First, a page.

Manufacturing ERP Systems
A manufacturing ERP system is computer software that streamlines the stages manufacturing inventory is sent through. It tracks information from suppliers, raw materials, production stages, and distributors.
By using manufacturing ERP software, you can spot problems faster than you would manually. An ERP can show that your distributor’s deliveries have been chronically late for a month. It can also show that inventory isn’t making it to shelves on time. This could indicate that your warehouse organization or warehouse labels need to be updated.
Each element of the manufacturing process becomes more complex the more parties are involved in a supply chain. Make sure to select an ERP system that fits your type of business and the needs of your customers.
If you’re focused on how to become a wholesaler and enjoy selling wholesale items, you likely won’t need a manufacturing ERP system. Many wholesalers make money by selling to third parties or retailers, who sometimes have their own production process.
If you are starting an eCommerce business based on your own products, it’s wise to consider a manufacturing ERP system. This gives you visibility into how efficiently products are being made and whether any area needs immediate attention.
Here are some examples of manufacturing-focused ERP systems:
- Fishbowl Manufacturing
- Oracle ERP Cloud
- E2 Shop System
Cloud Based ERP Systems
A cloud-based ERP system is an Internet-hosted computer program that tracks the data of key business functions. It provides the current status and trajectory of your inbound shipments, inventory, sales, outbound shipments, and more.
Many types of eCommerce businesses have opted for cloud-based ERPs because of their convenience. Instead of needing to work from a specific location, you can view critical business information anywhere you have an Internet connection. A cloud-based ERP frees your time to focus on improving your products or generating more sales.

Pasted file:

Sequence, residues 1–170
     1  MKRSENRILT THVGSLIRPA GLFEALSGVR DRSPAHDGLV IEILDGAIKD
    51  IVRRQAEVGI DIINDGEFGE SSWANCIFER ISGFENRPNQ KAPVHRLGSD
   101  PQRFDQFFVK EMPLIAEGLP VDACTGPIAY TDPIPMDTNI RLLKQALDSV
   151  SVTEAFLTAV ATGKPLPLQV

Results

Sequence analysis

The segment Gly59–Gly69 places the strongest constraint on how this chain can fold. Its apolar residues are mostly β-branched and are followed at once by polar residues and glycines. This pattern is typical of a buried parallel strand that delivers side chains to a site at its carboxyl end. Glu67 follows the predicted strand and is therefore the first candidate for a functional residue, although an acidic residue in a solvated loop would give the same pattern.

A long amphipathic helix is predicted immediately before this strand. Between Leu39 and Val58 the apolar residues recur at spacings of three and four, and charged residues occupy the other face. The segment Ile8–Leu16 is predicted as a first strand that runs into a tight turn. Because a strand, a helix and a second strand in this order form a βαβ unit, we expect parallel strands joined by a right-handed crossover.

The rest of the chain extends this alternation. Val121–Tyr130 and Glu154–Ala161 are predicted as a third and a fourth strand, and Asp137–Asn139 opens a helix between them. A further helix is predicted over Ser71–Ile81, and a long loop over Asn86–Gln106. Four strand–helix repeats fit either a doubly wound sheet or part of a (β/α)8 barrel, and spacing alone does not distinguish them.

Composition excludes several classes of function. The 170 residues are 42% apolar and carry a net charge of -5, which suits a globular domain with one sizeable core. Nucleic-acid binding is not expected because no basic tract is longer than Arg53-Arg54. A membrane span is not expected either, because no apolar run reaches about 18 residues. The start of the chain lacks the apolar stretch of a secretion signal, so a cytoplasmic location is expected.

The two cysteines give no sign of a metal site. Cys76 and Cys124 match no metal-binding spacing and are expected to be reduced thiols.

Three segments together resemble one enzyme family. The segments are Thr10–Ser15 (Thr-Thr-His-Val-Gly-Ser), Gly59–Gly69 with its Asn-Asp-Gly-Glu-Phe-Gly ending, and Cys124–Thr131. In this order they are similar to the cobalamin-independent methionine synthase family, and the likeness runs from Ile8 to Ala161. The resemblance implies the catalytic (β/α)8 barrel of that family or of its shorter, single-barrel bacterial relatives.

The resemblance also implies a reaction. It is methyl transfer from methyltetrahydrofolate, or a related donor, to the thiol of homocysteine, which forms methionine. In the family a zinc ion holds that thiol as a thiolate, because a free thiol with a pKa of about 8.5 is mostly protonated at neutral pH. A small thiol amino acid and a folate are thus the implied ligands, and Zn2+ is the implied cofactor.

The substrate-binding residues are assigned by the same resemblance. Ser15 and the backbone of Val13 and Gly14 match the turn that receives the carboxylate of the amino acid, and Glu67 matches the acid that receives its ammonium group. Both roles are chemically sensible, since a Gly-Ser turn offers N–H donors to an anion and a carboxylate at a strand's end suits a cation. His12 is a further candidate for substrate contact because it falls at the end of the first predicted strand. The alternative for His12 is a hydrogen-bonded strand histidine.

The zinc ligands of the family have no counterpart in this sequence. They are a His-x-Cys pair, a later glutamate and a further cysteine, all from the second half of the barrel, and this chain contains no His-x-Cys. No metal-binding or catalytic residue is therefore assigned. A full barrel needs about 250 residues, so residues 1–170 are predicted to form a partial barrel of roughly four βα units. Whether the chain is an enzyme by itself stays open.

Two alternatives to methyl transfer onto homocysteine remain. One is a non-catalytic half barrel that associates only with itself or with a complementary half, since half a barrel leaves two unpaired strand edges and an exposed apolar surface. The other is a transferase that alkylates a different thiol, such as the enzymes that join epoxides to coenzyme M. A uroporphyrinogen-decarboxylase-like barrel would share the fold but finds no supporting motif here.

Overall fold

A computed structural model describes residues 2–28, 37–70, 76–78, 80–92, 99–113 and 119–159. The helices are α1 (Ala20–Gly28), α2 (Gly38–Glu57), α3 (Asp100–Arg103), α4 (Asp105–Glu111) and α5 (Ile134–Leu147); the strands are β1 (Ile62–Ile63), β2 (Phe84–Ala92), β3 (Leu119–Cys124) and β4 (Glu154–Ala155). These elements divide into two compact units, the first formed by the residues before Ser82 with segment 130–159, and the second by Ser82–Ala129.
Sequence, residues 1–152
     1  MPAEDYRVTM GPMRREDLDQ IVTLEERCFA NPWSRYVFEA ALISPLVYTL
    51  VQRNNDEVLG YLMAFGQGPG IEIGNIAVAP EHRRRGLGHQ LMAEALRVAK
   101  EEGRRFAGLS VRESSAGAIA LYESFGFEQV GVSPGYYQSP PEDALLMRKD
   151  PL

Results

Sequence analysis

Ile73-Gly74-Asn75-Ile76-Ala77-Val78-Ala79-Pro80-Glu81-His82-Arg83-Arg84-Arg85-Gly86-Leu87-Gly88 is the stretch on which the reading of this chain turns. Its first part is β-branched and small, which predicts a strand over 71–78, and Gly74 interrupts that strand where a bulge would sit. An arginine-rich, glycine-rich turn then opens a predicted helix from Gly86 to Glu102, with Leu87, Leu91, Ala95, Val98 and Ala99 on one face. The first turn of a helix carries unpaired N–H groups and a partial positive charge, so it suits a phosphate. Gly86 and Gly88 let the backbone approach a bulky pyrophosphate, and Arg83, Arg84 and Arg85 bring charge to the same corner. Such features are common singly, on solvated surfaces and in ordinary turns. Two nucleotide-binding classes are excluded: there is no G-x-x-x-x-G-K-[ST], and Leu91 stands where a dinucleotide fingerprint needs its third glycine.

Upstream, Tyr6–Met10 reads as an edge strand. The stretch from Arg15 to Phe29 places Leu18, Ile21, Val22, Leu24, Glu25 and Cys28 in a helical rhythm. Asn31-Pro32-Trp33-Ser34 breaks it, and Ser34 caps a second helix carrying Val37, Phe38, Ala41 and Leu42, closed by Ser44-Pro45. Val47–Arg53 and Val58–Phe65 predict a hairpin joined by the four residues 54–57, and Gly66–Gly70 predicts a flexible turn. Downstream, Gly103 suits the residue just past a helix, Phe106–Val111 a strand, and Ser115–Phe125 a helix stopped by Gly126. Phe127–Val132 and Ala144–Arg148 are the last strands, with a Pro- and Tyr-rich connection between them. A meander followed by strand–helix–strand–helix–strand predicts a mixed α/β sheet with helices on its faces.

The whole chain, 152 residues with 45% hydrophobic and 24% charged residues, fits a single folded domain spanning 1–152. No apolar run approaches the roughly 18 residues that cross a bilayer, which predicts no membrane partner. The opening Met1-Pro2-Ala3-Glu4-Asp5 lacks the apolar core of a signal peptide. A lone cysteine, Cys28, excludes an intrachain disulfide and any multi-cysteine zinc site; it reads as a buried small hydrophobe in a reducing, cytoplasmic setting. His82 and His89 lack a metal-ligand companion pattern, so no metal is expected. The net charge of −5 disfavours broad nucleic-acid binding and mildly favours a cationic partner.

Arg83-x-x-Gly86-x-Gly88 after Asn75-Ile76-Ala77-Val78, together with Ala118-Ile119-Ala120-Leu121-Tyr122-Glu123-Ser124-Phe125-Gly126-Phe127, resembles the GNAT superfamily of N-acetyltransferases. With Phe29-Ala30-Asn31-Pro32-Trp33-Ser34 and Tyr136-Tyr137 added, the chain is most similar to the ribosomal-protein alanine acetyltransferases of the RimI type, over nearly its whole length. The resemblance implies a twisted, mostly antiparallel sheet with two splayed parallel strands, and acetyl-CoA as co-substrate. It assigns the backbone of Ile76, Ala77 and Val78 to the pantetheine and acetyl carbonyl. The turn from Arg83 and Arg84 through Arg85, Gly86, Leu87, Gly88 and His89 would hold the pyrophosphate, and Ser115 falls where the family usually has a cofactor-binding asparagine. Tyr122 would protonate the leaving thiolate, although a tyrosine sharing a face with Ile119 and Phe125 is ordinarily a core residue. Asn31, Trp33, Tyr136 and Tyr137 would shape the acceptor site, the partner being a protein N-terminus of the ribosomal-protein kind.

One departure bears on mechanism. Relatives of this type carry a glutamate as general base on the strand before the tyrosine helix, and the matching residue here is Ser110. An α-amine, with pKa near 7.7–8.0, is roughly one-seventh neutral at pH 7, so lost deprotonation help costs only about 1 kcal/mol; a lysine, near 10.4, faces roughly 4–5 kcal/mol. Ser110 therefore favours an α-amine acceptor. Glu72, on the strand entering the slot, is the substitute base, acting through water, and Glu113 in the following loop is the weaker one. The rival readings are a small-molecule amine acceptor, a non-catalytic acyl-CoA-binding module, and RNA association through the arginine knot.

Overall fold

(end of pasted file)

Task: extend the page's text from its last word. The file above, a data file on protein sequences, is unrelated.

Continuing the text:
Below are a few popular, cloud-based ERP systems:
- Oracle NetSuite
ERP System for Small Business
Learning how to start an eCommerce business comes with a lot to be aware of. You need an eCommerce business license, eCommerce marketing strategy, and more. Once you become profitable, juggling multiple tasks successfully becomes challenging, even for talented solopreneurs.
Many small businesses don’t have the staff or resources to necessitate enterprise-scale software. However, their revenue is growing and they still need help keeping business data streamlined.
Numerous ERP companies spotted a market opportunity and have since capitalized on serving small and high-growth businesses.
Here are a few ERP system examples committed to serving small businesses:
- SAP Business One
- Sage 100cloud
- Dynamics 365
- MIE Trak Pro
- Sage Intacct
Systematizing Small Business Success
Getting all the areas of your business up and running is an accomplishment to be proud of. An efficient ERP system and a smooth ERP implementation is the glue that holds it all together, and the first step is checking out all of the ERP system examples out there.
ERP software provides a window into your business’s trends and prevents major issues before they happen. Keep using the data you uncover to satisfy customers and remain competitive in the marketplace.